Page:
Applying The Bonus Points System To Previous Six Nations Championships

With this year’s Six Nations now in full swing, we thought we’d look at how the controversial addition of the bonus points system would have affected the standings had it been in effect from 2000 (when Italy joined the competition).

The idea behind the bonus points system, which has been used in the Aviva Premiership since 2000/2001, is that it will encourage and reward try scoring and attacking play. The bonus points on offer promises to change the dynamic of the tournament, with teams now still capable of picking up points even in defeat. Four points will now be awarded for a straightforward win, rather than two, and teams will receive a bonus point if they score four or more tries during a match. This bonus point for four or more tries scored can be awarded to both winning and losing sides. A further bonus point will be on offer to a team in defeat if they lose by seven points or fewer. Finally, an additional three points will be awarded to a team if they win the Grand Slam, in order to avoid the pitfall of winning every match but losing the championship to a team with more bonus points.

Taking all this into consideration, we applied this new system to all Six Nations tournaments dating back to the introduction of Italy in 2000, to see the effect it could have had in previous years. Firstly, we look at the table from the 2015 Six Nations Championship, one of the most exciting events in recent history:

  • 2015 saw a thrilling finale as England, Ireland and Wales went into Super Saturday all with a realistic chance of winning the Six Nations as they were only separated by points difference. Ireland came out on top with England and Wales placing in second and third respectively. If the bonus points had been added in 2015, surprisingly, there is no change in the final standings – the top three teams would have still been separated by points difference.

Now let’s take a look at the occasions where there would have been a shift in the overall standings:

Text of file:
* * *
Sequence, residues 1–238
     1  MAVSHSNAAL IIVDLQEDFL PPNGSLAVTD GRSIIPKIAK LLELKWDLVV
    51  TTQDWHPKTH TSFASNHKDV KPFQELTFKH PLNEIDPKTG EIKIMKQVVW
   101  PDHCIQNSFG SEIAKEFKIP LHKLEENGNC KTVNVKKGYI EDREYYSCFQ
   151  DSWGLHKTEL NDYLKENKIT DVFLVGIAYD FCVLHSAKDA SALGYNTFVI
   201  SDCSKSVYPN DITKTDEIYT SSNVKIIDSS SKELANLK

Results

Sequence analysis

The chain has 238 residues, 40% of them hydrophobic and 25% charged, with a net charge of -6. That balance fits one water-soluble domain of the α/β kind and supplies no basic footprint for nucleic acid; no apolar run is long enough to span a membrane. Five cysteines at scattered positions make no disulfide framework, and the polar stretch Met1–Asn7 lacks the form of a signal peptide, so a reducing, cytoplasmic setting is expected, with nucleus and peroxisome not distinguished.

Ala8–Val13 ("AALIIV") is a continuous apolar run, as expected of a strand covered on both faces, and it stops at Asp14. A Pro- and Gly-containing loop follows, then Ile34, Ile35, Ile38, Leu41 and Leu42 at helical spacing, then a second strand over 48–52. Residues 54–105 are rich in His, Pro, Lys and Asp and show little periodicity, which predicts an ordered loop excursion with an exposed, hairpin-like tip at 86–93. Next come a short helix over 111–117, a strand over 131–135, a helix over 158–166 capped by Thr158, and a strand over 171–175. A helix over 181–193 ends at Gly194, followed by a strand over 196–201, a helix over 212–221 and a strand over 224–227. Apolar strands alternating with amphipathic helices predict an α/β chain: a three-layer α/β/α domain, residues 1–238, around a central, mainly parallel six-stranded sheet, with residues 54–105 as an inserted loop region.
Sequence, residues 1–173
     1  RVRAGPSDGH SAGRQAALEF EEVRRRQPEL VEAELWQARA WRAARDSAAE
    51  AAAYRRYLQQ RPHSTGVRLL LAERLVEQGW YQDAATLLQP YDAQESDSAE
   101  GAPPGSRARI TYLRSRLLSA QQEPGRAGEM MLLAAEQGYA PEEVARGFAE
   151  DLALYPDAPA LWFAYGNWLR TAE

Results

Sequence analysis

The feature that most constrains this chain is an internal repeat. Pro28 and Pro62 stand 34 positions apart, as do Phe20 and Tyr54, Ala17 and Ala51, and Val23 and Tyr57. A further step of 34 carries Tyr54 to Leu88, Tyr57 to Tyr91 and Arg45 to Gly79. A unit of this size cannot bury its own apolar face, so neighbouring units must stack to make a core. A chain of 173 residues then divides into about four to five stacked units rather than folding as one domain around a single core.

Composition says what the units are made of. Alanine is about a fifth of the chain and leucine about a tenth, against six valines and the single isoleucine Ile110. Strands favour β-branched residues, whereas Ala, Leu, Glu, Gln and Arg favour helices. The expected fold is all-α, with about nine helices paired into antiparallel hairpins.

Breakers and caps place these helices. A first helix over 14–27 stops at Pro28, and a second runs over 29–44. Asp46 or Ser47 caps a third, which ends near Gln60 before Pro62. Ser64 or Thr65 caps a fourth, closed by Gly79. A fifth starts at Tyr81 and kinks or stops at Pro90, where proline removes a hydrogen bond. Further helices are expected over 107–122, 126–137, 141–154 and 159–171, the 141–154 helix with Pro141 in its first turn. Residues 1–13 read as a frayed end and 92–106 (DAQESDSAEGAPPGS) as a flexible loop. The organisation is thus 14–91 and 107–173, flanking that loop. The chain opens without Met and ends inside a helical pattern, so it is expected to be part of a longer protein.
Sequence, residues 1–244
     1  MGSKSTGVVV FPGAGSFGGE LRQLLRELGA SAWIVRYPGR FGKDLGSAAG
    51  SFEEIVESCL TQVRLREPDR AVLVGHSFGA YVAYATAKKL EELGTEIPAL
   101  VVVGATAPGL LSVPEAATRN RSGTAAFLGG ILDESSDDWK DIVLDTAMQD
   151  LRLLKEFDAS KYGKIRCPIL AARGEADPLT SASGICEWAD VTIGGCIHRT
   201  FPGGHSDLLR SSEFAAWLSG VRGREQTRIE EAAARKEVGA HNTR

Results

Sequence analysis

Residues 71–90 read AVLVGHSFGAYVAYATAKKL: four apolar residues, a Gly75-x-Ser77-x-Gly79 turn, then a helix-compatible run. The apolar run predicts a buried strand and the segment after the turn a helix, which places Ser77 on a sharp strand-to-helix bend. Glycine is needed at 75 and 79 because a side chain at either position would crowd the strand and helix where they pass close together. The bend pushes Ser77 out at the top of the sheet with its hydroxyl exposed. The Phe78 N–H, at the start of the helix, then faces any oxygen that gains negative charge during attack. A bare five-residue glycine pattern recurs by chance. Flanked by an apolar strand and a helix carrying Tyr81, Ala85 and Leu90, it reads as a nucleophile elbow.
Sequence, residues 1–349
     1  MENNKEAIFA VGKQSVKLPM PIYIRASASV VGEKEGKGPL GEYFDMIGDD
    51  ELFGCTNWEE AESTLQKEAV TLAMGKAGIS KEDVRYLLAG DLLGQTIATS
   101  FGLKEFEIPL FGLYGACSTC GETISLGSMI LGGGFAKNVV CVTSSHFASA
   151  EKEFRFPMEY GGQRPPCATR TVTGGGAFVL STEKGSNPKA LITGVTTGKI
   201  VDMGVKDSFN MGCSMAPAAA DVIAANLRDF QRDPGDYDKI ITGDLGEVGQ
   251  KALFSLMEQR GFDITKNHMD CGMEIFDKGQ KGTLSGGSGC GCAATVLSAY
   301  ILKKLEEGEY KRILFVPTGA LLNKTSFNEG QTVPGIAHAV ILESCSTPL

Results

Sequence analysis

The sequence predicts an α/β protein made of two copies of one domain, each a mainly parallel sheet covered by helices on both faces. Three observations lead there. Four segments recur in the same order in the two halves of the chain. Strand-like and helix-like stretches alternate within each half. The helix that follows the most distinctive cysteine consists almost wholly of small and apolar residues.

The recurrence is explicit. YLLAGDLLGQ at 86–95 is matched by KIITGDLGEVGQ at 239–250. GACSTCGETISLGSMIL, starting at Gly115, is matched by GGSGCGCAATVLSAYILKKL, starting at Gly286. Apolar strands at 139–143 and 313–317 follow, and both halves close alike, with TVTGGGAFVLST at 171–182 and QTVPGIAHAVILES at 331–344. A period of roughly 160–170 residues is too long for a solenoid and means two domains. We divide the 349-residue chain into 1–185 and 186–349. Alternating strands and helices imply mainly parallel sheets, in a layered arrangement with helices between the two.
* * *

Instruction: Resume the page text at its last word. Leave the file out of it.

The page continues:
• In 2013, the bonus points would have seen England take the top spot away from Wales and prevent them from winning the tournament for two years on the trot.
  • This single bonus point England received was from scoring four tries against Scotland – enough to have given them the championship.

  • In 2009, the application of the bonus points would have seen a mid-table swap, with Wales overtaking France courtesy of the three bonus points they hypothetically would have earned.
  • Ireland would have received an additional three bonus points for winning the Grand Slam.

  • Another year which shows the impact that the introduction of bonus points could have is the 2007 Championship. Similar to 2014 and 2015, three teams went into the final weekend with the chance to claim victory.
  • After England lost to Wales and Ireland beat Italy by 27 points, the French were crowned champions based on points difference after their 46-19 win over Scotland. However, if the bonus points had been on offer that year, Ireland would have claimed the title by receiving one extra bonus point than the French.

Finally, we’ve added up all the bonus points that each of the six teams would have accumulated since 2000 (up to and including 2016 but not week one of 2017). This includes the three additional points that Grand Slam winners receive:

  • England would have been the most successful overall, amassing 51 bonus points.
  • Looking deeper into the numbers, Ireland would have received at least one bonus point in every iteration of the Six Nations – the only team to do so.
  • The most bonus points awarded would have been the six to Grand-Slam winning England in 2003.

There are arguments for and against the inclusion of a bonus points system in the Six Nations, with its use in future years largely depending on the success of this year’s tournament, and whether it really will encourage bravery and more attacking play.

After the first weekend of action, Ireland and France both picked up a bonus point on account of their narrow losses to Scotland and England respectively, but will bonus points have an impact on the overall standings? Our analysis shows that there are just three occasions in the history of the Six Nations where bonus points would have resulted in a change in the final standings, although on two of those occasions, a different team would have been crowned champions.